Earlier this year, Kevin J. Leary, president of VPNE Parking Solutions, met with representatives of a San Francisco startup that wanted to rent spaces in Boston parking garages managed by his company.
The startup, Luxe Valet Inc., which offers a mobile app that allows drivers to summon valets rather than search for parking, needed the spaces for cars that its valets would pick up in the Financial District, the North End, and the Back Bay. But instead of money, Leary saw trouble.
“They were trying to create a business out of our garages,” Leary recalled. “They’re disruptors. Eventually, they’ll be parking operators.”
Leary instead invested in a local company developing a parking app that would let VPNE compete with Luxe, joining other old-economy companies that are fighting back against upstarts such as the ride-hailing services Uber and Lyft, the home-sharing service Airbnb, and the handyman service TaskRabbit.
Taxi drivers in New York and Philadelphia, for example, are adopting Way2Ride — it’s an app developed by the Silicon Valley electronic payments firm Verifone Systems Inc. — to compete with Uber and Lyft. In Chicago, Handyman Connection, which sends repair contractors to homeowners requesting them, has turned to a Boston startup, Dispatch, to tie its system into smartphone apps to meet the challenge from TaskRabbit.
Last year, the Madrid financial services company BBVA SA, reacting to competition from financial tech startups, spent $117 million to acquire Simple, an Oregon firm developing a mobile banking application. And in 2013, Avis Budget Group dealt with disruption in its industry by buying the Cambridge car-rental service Zipcar Inc.
Leary and VPNE are investing in SpotLight Parking, the brainchild of two recent Tufts University graduates. Leary declined to say how much VPNE invested in SpotLight, but it is one of Spotlight’s first outside investors. The startup has raised nearly $1 million, said Michael Miele, who cofounded the company with a fellow Tufts graduate, Karan Singhal.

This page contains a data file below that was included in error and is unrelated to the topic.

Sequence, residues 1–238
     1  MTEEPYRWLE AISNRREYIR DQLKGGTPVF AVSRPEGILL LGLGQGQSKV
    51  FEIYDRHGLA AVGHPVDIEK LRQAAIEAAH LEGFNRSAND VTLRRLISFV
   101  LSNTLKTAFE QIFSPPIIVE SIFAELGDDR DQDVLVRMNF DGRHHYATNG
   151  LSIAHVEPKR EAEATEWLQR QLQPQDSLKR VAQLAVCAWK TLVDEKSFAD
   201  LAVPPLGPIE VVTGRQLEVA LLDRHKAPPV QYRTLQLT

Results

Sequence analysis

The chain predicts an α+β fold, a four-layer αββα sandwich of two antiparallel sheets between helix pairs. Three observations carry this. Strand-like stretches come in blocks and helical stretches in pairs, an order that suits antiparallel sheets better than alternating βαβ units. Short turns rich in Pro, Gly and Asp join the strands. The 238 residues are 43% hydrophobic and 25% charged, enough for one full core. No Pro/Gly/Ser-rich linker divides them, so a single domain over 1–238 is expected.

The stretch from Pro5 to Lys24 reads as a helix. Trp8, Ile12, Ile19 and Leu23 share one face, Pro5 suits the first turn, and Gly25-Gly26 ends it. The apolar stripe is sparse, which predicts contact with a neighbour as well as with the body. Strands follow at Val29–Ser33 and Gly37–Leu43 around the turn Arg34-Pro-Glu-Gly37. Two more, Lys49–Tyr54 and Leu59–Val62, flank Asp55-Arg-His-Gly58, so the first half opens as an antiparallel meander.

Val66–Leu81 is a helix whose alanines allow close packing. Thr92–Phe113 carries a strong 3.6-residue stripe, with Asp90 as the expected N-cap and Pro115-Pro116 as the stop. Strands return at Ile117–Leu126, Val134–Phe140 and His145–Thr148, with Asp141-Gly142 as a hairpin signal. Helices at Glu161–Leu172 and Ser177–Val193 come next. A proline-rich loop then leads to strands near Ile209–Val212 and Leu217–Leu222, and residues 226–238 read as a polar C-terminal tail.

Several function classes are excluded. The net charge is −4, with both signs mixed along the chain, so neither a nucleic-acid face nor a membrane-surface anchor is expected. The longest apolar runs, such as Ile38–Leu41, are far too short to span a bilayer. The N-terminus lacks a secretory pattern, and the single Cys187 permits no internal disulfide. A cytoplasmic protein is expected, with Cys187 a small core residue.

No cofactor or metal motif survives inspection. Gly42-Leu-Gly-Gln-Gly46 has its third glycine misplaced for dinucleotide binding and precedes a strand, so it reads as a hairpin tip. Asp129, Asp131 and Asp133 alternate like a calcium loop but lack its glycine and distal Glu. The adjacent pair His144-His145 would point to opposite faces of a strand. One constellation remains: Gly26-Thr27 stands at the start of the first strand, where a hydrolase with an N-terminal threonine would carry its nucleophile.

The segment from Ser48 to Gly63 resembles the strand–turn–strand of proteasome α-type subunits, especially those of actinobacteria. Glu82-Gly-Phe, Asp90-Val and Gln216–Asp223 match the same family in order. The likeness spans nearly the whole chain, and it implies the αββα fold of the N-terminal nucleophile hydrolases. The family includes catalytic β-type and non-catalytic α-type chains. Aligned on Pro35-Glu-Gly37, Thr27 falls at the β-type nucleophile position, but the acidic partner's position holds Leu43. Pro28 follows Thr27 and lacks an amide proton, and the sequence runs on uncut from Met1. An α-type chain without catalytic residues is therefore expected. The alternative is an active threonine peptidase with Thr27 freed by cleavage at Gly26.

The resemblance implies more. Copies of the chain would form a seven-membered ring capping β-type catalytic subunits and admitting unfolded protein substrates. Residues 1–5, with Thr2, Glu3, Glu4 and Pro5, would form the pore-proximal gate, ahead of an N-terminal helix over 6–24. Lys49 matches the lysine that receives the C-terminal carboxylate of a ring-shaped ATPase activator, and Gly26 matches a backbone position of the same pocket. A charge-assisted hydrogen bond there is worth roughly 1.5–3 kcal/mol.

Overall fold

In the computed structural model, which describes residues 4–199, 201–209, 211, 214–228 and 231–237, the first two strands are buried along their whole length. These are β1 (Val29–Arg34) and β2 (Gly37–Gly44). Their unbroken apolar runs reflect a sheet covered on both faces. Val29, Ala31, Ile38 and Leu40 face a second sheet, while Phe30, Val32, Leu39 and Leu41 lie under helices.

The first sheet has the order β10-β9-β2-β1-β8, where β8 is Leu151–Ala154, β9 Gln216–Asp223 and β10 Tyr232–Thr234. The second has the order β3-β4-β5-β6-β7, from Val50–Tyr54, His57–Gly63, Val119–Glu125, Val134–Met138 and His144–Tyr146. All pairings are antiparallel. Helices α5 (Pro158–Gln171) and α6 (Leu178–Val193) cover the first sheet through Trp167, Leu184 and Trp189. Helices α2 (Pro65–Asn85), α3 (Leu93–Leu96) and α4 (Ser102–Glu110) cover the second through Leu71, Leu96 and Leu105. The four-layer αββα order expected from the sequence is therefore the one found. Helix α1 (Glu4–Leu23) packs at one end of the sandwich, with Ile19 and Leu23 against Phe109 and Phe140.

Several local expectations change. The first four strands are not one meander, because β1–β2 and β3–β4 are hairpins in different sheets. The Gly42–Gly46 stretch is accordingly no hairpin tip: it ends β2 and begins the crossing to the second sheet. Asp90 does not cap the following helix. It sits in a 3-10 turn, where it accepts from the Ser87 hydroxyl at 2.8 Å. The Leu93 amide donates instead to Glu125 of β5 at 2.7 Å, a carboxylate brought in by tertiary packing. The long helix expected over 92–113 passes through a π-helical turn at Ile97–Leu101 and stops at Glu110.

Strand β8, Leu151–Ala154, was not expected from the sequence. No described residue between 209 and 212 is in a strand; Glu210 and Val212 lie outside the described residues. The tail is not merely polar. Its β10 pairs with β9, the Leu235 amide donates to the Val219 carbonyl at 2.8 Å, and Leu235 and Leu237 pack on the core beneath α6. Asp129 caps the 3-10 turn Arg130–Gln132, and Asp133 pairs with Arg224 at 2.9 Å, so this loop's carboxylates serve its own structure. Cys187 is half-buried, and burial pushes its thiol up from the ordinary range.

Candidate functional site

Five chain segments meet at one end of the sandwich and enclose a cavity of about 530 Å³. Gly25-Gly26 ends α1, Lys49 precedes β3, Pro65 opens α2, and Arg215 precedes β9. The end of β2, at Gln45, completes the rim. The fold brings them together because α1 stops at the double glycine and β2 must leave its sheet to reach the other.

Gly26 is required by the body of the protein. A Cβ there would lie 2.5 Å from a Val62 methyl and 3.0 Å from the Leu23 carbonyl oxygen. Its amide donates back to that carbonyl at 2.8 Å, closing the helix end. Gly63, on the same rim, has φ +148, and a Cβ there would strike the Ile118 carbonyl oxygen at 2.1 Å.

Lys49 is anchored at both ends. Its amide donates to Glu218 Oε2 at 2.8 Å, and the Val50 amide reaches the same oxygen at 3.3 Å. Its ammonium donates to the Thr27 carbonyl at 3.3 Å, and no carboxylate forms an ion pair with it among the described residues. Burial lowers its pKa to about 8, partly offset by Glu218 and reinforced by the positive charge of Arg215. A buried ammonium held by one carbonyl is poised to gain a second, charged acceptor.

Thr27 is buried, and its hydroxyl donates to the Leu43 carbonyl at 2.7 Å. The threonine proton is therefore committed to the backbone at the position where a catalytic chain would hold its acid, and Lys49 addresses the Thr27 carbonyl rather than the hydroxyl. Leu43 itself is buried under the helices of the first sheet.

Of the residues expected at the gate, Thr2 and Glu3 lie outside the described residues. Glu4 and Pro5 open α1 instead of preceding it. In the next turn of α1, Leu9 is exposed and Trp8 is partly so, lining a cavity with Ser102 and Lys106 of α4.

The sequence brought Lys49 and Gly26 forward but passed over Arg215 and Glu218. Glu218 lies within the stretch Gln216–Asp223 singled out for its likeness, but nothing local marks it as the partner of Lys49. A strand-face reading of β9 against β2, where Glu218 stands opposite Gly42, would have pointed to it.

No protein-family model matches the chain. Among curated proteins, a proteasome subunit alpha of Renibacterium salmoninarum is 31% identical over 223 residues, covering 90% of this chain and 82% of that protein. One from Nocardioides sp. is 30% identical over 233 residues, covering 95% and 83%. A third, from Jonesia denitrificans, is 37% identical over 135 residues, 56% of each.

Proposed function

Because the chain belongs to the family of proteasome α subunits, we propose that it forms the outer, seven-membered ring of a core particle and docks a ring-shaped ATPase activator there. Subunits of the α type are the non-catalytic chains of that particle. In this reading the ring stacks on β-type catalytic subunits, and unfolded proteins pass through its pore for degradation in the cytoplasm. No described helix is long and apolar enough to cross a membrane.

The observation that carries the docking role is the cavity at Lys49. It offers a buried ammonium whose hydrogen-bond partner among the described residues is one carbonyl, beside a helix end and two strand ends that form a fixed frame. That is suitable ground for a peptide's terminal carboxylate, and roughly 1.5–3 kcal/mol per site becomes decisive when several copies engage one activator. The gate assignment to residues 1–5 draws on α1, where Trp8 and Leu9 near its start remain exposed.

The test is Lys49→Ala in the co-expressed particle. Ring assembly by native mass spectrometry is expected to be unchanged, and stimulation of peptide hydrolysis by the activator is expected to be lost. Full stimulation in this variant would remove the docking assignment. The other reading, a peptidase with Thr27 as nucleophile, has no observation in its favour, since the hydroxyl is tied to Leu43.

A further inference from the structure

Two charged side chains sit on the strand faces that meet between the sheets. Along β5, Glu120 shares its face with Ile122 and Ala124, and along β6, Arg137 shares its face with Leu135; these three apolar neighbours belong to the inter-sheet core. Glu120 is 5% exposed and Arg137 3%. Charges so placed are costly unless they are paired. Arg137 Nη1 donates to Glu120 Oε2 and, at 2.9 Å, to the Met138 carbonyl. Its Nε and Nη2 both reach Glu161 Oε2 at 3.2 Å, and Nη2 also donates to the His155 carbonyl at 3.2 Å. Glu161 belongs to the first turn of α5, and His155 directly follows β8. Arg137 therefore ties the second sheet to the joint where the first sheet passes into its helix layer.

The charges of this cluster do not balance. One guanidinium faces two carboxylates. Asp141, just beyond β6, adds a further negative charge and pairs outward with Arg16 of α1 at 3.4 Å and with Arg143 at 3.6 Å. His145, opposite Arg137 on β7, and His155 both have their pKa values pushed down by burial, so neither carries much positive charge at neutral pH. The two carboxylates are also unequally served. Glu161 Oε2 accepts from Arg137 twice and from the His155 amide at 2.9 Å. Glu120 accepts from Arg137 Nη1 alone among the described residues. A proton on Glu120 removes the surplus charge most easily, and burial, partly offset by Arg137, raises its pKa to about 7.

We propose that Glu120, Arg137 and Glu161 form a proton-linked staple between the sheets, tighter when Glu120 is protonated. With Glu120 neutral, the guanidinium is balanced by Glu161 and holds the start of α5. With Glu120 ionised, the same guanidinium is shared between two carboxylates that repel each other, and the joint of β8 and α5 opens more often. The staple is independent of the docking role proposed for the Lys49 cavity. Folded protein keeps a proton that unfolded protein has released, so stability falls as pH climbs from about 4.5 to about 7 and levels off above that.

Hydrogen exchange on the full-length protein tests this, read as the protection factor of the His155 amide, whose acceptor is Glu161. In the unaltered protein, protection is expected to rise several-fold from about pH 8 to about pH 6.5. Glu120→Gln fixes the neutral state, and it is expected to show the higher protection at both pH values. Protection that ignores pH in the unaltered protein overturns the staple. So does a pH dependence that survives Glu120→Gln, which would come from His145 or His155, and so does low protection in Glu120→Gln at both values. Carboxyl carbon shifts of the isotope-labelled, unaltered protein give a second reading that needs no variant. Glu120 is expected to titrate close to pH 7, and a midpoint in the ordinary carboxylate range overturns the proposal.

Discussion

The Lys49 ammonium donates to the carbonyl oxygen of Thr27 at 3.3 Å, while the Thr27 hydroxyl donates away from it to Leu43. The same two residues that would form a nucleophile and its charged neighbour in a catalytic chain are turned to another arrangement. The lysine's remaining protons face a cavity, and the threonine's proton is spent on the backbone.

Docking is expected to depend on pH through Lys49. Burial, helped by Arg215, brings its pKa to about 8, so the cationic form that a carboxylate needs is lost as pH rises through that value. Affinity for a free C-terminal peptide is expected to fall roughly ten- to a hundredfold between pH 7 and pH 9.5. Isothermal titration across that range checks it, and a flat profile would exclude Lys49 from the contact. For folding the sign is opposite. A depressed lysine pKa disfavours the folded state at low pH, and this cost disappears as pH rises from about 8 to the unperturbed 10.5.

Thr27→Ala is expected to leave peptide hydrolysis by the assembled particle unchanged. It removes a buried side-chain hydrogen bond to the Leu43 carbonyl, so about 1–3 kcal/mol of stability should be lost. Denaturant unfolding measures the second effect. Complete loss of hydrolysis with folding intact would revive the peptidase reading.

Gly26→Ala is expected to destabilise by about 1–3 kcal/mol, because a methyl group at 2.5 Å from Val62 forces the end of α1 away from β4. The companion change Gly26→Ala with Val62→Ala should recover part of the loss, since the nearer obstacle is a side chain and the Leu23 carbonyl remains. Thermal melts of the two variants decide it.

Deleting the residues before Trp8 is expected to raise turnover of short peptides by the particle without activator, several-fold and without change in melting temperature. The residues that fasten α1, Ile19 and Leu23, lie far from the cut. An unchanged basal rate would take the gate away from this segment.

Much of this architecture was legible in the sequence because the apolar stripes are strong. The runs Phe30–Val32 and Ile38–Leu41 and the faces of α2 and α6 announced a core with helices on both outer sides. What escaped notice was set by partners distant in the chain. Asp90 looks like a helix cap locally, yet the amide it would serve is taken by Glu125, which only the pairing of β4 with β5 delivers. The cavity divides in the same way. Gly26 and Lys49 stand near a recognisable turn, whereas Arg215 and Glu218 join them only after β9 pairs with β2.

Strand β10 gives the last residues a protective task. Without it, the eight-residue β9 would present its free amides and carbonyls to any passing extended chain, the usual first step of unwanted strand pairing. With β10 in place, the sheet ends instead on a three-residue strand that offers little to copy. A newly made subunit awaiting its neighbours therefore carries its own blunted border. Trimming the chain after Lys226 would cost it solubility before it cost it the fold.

The parking app, in the final stages of development, should be available by the end of the year, Miele said. Customers will be able to download the SpotLight app to their smartphones and look for “hotspots,” or locations where valet parking service is available. Right now, the hotspots are all for VPNE garages, but eventually SpotLight would offer it to other parking garage operators.
Hotspots are usually in front of a garage or at designated valet spots near restaurants. The app connects the customer and the valet, displaying a photo of the VPNE valet who will park the car. It also notifies the valet that the driver is approaching.
The valet parks the car in the garage and then returns it to the hotspot when the driver is ready to leave.
Payment is done through the app. Prices have not been set, but they will be cheaper than the usual cost of parking in the garages, which can range from $20 to $40 a day, Miele said.
Leary said he expects the app to bring additional business and turn over more spaces in the garages, increasing his company’s revenue. Spotlight will take a cut of the fees.
Luxe, which has raised $25 million in venture capital and operates in nine cities, was launched in Boston in June. Lauren Sheerr, its general manager for Boston, said the company sees itself as a logistics firm and has no interest in becoming a parking operator.
The company works with local and national parking companies to lease spaces in garages, bringing them extra business, Sheerr said. Luxe charges customers up to $25 a day.
“We hope to be a great partner and provide an incremental revenue stream,” she said. “We want to work together to make the whole process of parking easier for everyone.”
Luxe is not the only new competitor that VPNE and other parking operators will face. Zirx, a San Francisco on-demand valet service, has raised more than $36 million and operates in seven cities.
That makes it more important to keep up with technology, Leary said. “We have to stay up to snuff.”